New Delhi: Rajesh Khanna was a natural. His biographer Gautam Chintamani recalls the director-writer-actor Rumi Jaffery saying how he can “never forget how Rajesh Khanna prided himself on never using aids like glycerine to evoke tears while acting”.
Jaffery recalled in a conversation with Chintamani: “He would ask you, ‘How many tears do you need?’, and just turn around for a moment or two; and when he turned back, there would be tears in his eyes. You could wake him up in the middle of the night and he would just stand and deliver when it came to tears.”
Chintamani will be collaborating with director Farah Khan on the script, based on his book, ‘Dark Star: The Loneliness Of Being Rajesh Khanna’, for a biopic on India’s first superstar.
“Once, Jaffery and (cinematographer) Sameer Arya instructed Rajesh Khanna to randomly shed a few tears in a hotel’s lift lobby and Khanna readily dispelled a few before the lift emerged,” Chintamani writes in the book.
And, there was no end to his ire when aroused.
“There were times when rumours of his sudden death flooded the Internet and saw his fans paying rich tributes on social media sites. Once, an infuriated Khanna walked to the main gate of Aashirwad in his favourite silk lungi-kurta with a cigarette and drink in tow only to prove to a journalist that, contrary to rumours, he was still alive,” Chintamai writes.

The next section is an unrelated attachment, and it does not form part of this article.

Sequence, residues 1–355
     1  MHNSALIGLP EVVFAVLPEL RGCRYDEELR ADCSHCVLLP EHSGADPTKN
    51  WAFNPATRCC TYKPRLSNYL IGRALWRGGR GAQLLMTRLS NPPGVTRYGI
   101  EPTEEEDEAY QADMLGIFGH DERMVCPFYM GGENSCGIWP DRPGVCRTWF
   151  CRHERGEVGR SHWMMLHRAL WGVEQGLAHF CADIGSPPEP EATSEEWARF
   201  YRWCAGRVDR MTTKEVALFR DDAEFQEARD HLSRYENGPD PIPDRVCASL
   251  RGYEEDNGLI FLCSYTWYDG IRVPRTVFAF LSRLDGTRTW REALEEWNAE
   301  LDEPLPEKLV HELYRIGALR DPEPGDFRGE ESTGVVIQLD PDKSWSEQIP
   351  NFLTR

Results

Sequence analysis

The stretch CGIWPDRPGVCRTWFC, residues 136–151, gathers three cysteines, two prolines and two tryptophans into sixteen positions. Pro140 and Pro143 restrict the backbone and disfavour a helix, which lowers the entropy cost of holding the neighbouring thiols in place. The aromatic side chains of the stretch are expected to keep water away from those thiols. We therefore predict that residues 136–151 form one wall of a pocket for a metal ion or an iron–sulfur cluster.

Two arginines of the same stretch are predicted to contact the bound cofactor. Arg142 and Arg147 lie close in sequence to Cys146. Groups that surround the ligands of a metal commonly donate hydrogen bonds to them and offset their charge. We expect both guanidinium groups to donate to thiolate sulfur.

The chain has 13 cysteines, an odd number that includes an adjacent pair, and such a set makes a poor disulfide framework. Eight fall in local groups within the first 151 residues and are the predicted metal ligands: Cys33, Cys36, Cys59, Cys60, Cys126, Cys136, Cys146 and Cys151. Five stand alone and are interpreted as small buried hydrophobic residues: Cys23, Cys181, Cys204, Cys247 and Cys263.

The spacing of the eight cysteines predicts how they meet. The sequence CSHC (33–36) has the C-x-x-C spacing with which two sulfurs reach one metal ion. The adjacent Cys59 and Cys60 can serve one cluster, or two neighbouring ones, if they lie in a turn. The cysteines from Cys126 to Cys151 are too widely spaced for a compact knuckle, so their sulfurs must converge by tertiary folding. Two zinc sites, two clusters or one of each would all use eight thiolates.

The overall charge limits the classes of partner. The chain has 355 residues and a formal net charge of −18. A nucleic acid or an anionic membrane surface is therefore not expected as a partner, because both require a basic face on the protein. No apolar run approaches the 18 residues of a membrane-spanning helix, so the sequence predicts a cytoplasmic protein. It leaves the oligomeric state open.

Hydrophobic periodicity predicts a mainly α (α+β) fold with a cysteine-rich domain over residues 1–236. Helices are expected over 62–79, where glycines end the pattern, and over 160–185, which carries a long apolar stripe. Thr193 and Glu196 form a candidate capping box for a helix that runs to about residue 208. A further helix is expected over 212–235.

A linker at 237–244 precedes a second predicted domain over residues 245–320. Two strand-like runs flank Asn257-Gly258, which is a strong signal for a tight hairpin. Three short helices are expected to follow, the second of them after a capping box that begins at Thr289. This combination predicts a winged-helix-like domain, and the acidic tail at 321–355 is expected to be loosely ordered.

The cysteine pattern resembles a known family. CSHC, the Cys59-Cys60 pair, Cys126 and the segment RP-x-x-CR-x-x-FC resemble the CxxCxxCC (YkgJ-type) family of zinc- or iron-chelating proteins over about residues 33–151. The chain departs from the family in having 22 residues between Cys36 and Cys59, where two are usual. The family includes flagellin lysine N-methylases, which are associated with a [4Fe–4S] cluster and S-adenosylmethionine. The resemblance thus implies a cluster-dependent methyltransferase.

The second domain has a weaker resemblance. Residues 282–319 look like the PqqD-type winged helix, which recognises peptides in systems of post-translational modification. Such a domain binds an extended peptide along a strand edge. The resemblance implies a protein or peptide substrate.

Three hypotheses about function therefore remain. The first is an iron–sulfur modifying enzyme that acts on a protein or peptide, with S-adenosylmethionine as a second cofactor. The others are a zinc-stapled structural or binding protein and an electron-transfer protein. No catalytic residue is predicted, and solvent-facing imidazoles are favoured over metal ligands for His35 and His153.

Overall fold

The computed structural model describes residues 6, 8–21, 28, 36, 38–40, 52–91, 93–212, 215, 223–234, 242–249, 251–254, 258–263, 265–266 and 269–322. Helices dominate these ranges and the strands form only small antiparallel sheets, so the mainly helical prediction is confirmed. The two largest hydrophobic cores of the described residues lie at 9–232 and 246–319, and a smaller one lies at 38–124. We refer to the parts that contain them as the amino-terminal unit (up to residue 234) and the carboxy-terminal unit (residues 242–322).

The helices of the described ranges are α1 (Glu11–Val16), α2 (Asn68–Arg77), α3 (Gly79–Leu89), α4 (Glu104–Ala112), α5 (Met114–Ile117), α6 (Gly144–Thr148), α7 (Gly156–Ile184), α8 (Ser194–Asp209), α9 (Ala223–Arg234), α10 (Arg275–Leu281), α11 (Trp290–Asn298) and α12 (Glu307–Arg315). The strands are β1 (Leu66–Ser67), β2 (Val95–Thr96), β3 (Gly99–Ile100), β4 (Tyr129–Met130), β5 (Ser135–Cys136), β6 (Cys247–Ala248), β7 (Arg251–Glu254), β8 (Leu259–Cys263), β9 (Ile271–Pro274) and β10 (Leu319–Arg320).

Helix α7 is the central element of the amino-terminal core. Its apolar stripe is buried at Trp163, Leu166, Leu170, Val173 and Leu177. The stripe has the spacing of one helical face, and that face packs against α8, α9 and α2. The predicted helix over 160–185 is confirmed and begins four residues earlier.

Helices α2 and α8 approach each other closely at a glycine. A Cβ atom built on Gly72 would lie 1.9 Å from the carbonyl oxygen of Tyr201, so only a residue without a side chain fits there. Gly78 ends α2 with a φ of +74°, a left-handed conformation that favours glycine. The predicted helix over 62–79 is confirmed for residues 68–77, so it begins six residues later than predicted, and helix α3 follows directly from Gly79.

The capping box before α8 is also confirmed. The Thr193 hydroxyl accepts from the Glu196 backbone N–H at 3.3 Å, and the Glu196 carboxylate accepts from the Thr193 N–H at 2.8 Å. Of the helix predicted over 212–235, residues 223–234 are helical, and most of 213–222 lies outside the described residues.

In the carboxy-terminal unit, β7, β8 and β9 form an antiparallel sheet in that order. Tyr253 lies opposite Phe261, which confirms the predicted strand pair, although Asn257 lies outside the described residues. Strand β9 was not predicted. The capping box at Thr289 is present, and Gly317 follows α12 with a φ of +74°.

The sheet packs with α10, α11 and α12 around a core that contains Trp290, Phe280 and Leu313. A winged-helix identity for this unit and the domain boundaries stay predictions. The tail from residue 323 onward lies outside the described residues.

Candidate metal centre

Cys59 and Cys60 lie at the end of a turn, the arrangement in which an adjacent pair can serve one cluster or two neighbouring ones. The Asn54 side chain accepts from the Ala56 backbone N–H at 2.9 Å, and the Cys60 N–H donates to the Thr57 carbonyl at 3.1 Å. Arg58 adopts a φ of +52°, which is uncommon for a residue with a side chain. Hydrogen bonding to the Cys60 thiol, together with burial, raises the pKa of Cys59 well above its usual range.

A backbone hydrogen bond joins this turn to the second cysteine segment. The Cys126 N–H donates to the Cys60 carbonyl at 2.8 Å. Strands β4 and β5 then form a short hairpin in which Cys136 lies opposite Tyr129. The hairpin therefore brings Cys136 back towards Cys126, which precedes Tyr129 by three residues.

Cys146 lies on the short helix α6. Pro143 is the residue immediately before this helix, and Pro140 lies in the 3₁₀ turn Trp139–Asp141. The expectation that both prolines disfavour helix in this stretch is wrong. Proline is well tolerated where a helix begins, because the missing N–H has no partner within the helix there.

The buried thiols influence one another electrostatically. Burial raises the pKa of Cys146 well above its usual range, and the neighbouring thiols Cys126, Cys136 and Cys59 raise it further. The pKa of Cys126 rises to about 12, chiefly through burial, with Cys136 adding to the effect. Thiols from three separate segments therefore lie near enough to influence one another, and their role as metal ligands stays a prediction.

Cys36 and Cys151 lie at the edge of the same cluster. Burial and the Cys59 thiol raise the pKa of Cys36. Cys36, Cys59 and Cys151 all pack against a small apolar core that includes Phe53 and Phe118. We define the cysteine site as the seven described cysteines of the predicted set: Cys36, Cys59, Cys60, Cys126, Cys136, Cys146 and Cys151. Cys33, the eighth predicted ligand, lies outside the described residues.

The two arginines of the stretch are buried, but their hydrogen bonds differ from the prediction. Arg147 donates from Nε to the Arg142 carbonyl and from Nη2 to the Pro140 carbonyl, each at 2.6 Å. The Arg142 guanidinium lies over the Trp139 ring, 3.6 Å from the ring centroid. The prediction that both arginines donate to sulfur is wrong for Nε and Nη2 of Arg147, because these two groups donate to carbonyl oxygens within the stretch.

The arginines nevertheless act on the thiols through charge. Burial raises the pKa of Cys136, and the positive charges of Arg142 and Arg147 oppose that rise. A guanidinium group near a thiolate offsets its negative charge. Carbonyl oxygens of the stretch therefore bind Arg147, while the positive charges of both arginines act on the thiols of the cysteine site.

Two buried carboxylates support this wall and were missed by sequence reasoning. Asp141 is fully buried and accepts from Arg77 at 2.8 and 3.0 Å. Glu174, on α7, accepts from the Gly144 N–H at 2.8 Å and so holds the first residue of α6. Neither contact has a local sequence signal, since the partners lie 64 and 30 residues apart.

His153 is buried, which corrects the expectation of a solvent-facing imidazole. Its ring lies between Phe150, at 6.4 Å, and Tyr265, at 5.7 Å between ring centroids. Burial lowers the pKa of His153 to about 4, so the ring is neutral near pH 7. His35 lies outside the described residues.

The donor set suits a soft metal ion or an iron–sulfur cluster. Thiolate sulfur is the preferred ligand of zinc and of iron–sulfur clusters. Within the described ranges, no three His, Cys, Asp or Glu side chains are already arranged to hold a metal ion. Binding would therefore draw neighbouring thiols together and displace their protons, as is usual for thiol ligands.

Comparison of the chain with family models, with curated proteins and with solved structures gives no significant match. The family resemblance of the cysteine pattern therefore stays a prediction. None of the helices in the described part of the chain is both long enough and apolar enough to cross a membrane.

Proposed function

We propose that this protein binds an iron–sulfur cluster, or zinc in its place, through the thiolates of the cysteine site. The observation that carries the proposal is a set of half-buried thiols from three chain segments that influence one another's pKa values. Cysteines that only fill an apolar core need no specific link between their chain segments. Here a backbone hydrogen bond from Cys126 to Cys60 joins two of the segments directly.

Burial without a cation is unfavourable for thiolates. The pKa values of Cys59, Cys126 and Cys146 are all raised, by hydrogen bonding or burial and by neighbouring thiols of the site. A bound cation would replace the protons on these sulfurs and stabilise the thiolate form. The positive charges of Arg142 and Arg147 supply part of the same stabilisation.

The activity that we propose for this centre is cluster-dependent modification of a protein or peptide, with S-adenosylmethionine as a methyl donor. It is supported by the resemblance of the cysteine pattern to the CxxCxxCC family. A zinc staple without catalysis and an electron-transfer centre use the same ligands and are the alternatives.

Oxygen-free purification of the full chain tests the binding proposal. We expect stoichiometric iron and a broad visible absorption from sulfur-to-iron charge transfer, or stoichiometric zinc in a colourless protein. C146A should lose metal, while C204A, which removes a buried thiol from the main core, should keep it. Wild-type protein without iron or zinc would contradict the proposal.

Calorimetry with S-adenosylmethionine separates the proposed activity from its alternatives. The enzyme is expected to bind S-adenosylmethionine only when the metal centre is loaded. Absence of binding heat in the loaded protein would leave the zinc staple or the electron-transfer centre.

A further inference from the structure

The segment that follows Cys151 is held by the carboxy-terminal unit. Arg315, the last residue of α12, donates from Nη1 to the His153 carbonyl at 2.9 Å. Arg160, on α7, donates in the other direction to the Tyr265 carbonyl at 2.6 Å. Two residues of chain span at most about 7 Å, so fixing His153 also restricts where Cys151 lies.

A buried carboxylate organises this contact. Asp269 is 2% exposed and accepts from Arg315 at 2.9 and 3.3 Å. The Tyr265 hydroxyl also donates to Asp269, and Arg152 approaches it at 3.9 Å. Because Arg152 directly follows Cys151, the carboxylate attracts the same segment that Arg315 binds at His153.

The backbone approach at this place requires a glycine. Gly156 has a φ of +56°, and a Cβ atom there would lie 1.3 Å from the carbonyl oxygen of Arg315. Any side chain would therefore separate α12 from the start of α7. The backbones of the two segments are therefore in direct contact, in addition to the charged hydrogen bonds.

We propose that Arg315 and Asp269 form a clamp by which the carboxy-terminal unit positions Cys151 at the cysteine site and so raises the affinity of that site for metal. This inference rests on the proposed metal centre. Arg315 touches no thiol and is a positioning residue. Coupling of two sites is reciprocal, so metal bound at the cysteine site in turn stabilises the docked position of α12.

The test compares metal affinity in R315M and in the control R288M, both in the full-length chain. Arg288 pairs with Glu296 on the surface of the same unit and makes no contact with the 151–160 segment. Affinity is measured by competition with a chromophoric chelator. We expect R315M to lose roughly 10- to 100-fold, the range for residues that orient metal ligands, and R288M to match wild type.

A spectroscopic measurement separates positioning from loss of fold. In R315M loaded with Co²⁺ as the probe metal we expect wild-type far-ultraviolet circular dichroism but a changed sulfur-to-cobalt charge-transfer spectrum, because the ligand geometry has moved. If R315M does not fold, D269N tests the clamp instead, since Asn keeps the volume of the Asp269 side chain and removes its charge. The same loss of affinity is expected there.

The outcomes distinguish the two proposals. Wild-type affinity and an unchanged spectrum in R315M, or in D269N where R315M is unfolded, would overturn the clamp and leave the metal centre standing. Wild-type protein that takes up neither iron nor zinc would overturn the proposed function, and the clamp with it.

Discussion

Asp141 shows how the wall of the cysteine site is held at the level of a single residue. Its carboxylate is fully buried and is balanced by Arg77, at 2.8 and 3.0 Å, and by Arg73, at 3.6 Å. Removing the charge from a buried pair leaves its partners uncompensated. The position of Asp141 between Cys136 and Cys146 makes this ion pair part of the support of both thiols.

It was this strength of character that prompted Rajesh Khanna to appear in his first TV commercial — perhaps to the horror of some, but to the immense delight of a legion of admirers — and boldly declaim: “Fans kya hote hain mujhse poochho. Pyaar ka woh toofan … mohabbat ki woh aandhi .. woh jazbaa … woh junoon. Hawaa badal sakti hai lekin fans hamesha mere rahenge. Babumoshai, mere fans mujhse koi nahin chheen sakta (I will tell you what fans are. That storm of love … that passion … that madness. The direction of the wind may change, but my fans will always stay with me. Babumoshai, no one can steal my fans from me).”
This was only to be expected from an actor showered with love by a generation of fans who had grown up on three immensely poignant songs from his movie ‘Anand’: “Zindagi Kaise Hai Paheli”, “Kahin Door Jab Din Dhal Jaaye” and “Maine Tere Liye Hi Saat Rang Ke Sapne Chune”.
Sure, there were a procession of hit songs from his 17 consecutive hit films as the lead hero from 1969 to 1971, which included 15 solo-hero films and two non-solo-hero films. “Zindagi Ek Safar Hai Suhana” and “Yeh Shaam Mastani” are just two, but listen carefully to the lyrics from ‘Anand’ and you will get a measure of what Rajesh Khanna’s guiding philosophy was all about.
Sharmila Tagore, his co-star in ‘Aradhana’, which began his journey to superstardom, sums this up the best in the foreword to Chintamani’s book: “If ever a life was meant to be a book, few could stake a stronger claim. Like a shooting star doomed to darkness after a glorious run, Rajesh Khanna spent the better half of his career in the shadow of his own stardom. Yet, 40 years after his last monstrous hit, Khanna continues to be the yardstick by which every single Bollywood star is measured.”